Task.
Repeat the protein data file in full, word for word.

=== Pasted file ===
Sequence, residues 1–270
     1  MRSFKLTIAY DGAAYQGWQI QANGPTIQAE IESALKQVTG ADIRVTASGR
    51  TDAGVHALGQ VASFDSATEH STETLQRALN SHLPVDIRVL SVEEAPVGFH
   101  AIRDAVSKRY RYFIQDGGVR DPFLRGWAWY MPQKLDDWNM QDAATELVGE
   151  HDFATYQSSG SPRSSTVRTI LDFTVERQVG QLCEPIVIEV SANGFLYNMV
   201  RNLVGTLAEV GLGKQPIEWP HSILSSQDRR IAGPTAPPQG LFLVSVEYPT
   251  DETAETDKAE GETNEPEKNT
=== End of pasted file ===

Sequence, residues 1–270
     1  MRSFKLTIAY DGAAYQGWQI QANGPTIQAE IESALKQVTG ADIRVTASGR
    51  TDAGVHALGQ VASFDSATEH STETLQRALN SHLPVDIRVL SVEEAPVGFH
   101  AIRDAVSKRY RYFIQDGGVR DPFLRGWAWY MPQKLDDWNM QDAATELVGE
   151  HDFATYQSSG SPRSSTVRTI LDFTVERQVG QLCEPIVIEV SANGFLYNMV
   201  RNLVGTLAEV GLGKQPIEWP HSILSSQDRR IAGPTAPPQG LFLVSVEYPT
   251  DETAETDKAE GETNEPEKNT